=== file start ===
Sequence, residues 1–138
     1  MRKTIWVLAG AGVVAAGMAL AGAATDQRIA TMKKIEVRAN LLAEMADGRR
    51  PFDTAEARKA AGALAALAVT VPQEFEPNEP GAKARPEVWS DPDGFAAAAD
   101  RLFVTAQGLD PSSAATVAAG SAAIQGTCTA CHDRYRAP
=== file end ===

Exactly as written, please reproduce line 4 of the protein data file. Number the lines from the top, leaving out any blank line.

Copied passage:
   101  RLFVTAQGLD PSSAATVAAG SAAIQGTCTA CHDRYRAP